Dance party rapist Mateo Nixon jailed for 14 years

Convicted rapist Mateo Nixon at an earlier appearance in the Dunedin District Court.
HAMISH McNEILLY/FAIRFAX NZ

Convicted rapist Mateo Nixon at an earlier appearance in the Dunedin District Court.

Three rape victims have described the trauma of their "life sentence" caused by a serial sexual offender sentenced to 14 years' in jail.

Mateo Nixon, 30, was convicted of six charges of rape, three of unlawful sexual connection, two of indecent assault, and two of sexual connection with a young person under 16, when he appeared on July 9.

READ MORE: Dance party rapist convicted

Nixon was sentenced to 14 years jail, with a non-parole of eight years when he appeared before Judge Kevin Phillips in the Dunedin District Court on Friday.

"You preyed on them and you did so for your own sexual gratification," Judge Phillips told Nixon, who remained expressionless throughout his sentencing.

At the time of his offending, between October 2009 and July 2012, the Christchurch man - who was supported by is family in court - was involved in outdoor dance events across the South Island.

Five of his victims woke up to discover Nixon raping them.

Three of his six victims read from their victim impact statements.

All three knew Nixon from his involvement in the South Island dance party scene, with his offending leaving them emotionally and physically harmed.

Prior to those attacks they had been confident young women who enjoyed life.

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Those rapes resulted in depression, anxiety attacks, suicide attempts, being ostracised by friends, not trusting men, struggling to hold down employment and studies, and often too scared to leave their own home.

One of his victims said prison would count for nothing if Nixon - known to his friends as 'Teo' - did not get the treatment he needed.

Two of his victims said they were ostracised by their mutual friends when they told them what had happened, "you were just wasted and had sex, you didn't do anything to stop it", one of them was told.

Fear of seeing Nixon meant she had become a "prisoner in our own home", locking doors and drawing curtains so as not to see him.

One of the victims had since had a child and had been diagnosed with postnatal depression.

She spoke of having traumatic nightmares and throwing her own child's arm off her after fearing it was Nixon's.

She was receiving counselling but believed the trauma would be with her for "the rest of my life".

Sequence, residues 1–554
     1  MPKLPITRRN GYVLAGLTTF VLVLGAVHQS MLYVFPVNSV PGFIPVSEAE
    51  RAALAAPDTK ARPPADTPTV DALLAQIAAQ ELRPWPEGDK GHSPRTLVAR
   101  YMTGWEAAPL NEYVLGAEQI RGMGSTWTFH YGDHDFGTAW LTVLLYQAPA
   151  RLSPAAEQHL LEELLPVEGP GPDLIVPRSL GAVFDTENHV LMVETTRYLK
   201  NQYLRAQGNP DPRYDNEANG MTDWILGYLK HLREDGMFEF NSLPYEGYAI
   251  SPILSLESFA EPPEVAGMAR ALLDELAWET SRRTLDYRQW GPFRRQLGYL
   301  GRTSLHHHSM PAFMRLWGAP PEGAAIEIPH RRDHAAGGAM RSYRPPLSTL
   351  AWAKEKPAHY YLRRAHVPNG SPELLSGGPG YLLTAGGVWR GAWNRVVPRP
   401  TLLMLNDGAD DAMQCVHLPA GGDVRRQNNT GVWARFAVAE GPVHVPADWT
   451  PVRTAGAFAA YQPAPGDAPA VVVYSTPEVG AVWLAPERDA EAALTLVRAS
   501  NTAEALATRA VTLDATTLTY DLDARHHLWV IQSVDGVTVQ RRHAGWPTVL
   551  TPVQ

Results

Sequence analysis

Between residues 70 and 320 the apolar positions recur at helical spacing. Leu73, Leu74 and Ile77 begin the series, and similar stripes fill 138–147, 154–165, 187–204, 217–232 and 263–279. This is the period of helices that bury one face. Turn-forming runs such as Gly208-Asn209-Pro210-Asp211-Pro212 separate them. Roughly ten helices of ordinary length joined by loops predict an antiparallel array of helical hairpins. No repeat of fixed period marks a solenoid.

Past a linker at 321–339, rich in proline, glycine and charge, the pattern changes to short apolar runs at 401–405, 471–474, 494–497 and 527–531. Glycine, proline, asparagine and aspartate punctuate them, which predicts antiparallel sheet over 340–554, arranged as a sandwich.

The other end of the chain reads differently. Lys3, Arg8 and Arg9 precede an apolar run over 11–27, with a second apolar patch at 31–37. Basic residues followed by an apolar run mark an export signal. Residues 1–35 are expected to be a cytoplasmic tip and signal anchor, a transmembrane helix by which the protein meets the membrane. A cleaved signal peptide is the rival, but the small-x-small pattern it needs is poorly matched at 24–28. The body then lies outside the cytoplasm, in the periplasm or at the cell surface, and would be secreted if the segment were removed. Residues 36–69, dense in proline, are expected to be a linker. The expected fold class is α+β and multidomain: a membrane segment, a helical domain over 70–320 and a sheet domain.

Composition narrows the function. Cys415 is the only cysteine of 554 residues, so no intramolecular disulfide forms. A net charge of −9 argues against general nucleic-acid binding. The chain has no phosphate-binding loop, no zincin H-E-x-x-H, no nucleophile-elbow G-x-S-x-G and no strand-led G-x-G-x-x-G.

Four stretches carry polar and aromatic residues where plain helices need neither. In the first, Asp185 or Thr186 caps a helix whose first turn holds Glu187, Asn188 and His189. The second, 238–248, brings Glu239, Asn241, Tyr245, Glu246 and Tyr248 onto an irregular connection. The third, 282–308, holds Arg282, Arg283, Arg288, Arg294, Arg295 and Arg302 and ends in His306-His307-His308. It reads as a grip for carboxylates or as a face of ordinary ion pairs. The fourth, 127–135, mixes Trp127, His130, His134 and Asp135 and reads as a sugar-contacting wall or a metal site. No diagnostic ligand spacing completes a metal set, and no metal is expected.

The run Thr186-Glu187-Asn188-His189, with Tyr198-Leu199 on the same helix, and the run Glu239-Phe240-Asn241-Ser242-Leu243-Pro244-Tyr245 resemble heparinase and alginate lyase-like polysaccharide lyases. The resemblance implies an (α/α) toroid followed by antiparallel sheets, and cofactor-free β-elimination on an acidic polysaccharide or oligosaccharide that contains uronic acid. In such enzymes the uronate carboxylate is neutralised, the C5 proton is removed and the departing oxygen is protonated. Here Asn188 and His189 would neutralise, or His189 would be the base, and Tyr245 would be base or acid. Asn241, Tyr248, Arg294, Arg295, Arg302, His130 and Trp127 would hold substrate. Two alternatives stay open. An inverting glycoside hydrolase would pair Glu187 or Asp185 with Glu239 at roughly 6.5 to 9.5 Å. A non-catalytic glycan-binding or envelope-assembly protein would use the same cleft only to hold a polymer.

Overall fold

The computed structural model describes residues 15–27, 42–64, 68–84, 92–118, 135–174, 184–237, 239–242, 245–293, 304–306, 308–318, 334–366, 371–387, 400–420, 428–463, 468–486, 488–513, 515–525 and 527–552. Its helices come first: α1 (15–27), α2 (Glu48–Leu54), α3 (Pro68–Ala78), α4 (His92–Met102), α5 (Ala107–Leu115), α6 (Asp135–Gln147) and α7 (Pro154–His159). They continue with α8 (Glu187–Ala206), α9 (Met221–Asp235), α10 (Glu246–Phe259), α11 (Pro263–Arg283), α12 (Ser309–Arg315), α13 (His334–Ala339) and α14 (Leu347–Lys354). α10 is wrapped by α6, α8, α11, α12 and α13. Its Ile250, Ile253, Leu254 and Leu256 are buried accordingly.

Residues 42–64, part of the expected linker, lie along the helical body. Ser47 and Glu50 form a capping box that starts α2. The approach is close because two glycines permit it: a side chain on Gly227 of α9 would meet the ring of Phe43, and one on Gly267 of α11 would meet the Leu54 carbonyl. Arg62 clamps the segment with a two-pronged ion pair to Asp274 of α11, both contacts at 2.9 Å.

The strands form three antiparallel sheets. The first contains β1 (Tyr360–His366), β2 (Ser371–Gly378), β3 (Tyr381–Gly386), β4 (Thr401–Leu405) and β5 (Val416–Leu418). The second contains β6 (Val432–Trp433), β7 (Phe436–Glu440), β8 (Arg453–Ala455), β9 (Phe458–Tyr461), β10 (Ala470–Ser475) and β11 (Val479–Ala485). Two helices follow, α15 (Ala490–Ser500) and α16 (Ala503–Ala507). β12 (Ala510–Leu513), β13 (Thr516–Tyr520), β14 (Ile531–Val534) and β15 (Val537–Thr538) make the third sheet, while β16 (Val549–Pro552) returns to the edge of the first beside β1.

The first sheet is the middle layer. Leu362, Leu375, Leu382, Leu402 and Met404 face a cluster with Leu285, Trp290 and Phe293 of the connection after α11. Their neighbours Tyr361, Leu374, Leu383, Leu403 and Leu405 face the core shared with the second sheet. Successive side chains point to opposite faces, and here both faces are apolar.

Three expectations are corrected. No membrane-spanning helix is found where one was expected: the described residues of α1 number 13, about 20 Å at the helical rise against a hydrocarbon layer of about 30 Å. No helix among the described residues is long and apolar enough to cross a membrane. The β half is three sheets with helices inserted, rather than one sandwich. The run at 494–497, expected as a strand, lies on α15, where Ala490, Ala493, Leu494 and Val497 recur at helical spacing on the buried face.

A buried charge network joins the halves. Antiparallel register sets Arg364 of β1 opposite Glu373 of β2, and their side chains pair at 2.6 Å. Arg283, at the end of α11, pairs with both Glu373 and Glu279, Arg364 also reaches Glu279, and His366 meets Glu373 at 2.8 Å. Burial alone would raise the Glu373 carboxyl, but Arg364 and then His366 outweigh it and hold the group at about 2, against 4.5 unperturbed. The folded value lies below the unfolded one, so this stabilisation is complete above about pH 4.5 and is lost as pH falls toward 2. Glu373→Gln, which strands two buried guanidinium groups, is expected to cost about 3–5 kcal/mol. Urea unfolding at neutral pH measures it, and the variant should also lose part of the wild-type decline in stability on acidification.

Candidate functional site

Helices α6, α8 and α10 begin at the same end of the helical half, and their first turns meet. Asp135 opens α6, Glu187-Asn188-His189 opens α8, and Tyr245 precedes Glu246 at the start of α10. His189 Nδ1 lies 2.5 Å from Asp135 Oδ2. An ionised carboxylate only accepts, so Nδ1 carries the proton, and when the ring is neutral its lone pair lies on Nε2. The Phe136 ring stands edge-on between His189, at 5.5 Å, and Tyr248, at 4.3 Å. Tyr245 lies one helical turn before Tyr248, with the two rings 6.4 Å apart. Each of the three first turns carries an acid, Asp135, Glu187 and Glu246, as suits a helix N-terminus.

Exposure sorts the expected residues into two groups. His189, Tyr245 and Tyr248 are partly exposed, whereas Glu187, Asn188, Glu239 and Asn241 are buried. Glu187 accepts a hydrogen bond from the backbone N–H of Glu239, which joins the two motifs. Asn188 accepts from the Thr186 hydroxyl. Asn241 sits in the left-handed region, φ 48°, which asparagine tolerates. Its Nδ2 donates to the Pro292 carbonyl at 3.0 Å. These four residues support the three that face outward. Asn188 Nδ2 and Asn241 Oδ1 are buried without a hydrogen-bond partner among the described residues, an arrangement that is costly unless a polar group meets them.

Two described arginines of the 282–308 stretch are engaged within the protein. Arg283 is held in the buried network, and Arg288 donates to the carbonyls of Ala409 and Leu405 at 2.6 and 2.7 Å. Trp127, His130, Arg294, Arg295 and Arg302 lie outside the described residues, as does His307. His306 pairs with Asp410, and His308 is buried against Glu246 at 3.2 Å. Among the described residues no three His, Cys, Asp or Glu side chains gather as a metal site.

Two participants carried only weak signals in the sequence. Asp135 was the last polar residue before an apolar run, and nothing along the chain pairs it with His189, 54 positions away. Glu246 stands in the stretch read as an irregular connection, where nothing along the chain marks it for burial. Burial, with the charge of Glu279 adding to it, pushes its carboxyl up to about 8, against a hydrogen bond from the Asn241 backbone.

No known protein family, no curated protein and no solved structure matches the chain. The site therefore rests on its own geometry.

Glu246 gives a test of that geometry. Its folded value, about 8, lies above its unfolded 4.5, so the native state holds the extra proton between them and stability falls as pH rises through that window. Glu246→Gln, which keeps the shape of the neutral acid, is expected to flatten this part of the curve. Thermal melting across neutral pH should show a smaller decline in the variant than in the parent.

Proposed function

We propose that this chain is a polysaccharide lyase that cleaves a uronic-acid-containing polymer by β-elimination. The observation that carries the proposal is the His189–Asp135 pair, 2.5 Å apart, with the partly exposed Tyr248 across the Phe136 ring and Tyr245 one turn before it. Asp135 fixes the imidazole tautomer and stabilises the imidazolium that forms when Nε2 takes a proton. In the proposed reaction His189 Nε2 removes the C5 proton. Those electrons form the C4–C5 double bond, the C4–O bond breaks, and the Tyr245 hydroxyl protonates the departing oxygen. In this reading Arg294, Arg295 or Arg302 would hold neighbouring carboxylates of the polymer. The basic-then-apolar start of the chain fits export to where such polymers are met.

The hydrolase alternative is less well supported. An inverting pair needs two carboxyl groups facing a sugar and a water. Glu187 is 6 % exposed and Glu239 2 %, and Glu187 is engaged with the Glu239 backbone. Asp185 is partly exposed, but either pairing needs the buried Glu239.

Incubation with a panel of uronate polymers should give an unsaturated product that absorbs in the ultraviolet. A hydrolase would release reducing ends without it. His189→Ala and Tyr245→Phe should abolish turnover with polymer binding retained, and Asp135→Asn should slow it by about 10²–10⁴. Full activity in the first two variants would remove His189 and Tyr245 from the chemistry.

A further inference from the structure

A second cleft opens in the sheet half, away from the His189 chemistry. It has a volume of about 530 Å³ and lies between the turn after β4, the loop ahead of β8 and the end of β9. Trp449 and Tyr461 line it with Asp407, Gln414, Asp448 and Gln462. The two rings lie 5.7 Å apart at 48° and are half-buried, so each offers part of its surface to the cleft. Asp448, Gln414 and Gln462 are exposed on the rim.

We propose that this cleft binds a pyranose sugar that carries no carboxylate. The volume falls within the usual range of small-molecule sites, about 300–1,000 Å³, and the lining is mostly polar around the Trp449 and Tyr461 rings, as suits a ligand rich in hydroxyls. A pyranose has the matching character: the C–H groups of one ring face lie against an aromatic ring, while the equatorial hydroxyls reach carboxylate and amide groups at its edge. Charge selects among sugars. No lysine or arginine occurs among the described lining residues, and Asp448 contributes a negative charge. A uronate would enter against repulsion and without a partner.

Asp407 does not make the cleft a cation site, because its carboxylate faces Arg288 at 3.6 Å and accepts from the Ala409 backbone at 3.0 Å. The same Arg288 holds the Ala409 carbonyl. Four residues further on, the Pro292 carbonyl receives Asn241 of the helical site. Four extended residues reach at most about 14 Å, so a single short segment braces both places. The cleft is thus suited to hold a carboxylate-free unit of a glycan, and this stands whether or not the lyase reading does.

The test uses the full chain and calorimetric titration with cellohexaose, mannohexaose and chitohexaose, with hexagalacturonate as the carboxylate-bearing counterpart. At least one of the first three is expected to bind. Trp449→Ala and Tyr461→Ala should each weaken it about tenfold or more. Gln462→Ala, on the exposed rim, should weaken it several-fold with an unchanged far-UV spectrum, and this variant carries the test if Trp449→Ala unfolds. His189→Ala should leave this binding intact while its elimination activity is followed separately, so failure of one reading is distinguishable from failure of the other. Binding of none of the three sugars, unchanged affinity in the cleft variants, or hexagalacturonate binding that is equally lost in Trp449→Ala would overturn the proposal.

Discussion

Another victim was raped by Nixon at his house in Karamea after attending a music festival.

She had repeatedly tried to tell dance party organisers about Nixon's offending and I "felt disheartened by my community".

Of Nixon's six victims, five of those involved rape which he did without wearing any protection, the court was told.

All of the victims were known to Nixon - being friends of his partner at the time, who was also one of the victims.

The Crown submitted that three of his victims were assaulted more than once, and he was deemed to be at high risk of reoffending.

Nixon's mother also addressed the court, acknowledging the victims and the pain caused by her sons actions.

She said her son, who had written letters of apology to each victim and wanted to meet them for restorative justice conferences, was raised around women and "brought up to respect women".

That comment resulted in jeers from the public gallery.

Her son became involved in drugs during his teenage years, had experienced some close friends dying from violent deaths, and had to be put in CYFs' care, she said.

Despite his "poor judgment" he had begun to make progress over the last year, and an important part of that was his diagnosis for autism.

Her son's emotional age was half of his chronological age, resulting in him having difficulty in reading people with his poor judgment compound by him using drugs and alcohol.

"How can you obey the rules when you don't know what they are."

Judge Phillips said 'he was unconvinced about a psychologist report recommending he serve a sentence of home detention due to possible problems he may face in prison.

He said he would receive help in prison, but must be held accountable for his actions.

"Your actions were intentional, deliberate, and entirely criminal."

His offending was against people - including a 15-year-old girl - who were known to him and who were often under the influence of drugs and alcohol.

Judge Phillips said his offending would continue to impact on those victims for the rest of their lives.

 - Stuff

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